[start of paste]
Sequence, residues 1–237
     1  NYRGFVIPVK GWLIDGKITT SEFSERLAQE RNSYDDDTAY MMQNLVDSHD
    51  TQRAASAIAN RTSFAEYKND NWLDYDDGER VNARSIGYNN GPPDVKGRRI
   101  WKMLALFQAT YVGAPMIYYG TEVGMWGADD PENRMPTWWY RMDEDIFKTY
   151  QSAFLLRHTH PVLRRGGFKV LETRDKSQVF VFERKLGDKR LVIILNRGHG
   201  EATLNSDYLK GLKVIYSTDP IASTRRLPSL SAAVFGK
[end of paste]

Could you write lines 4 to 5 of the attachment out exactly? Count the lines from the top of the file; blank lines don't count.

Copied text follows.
   101  WKMLALFQAT YVGAPMIYYG TEVGMWGADD PENRMPTWWY RMDEDIFKTY
   151  QSAFLLRHTH PVLRRGGFKV LETRDKSQVF VFERKLGDKR LVIILNRGHG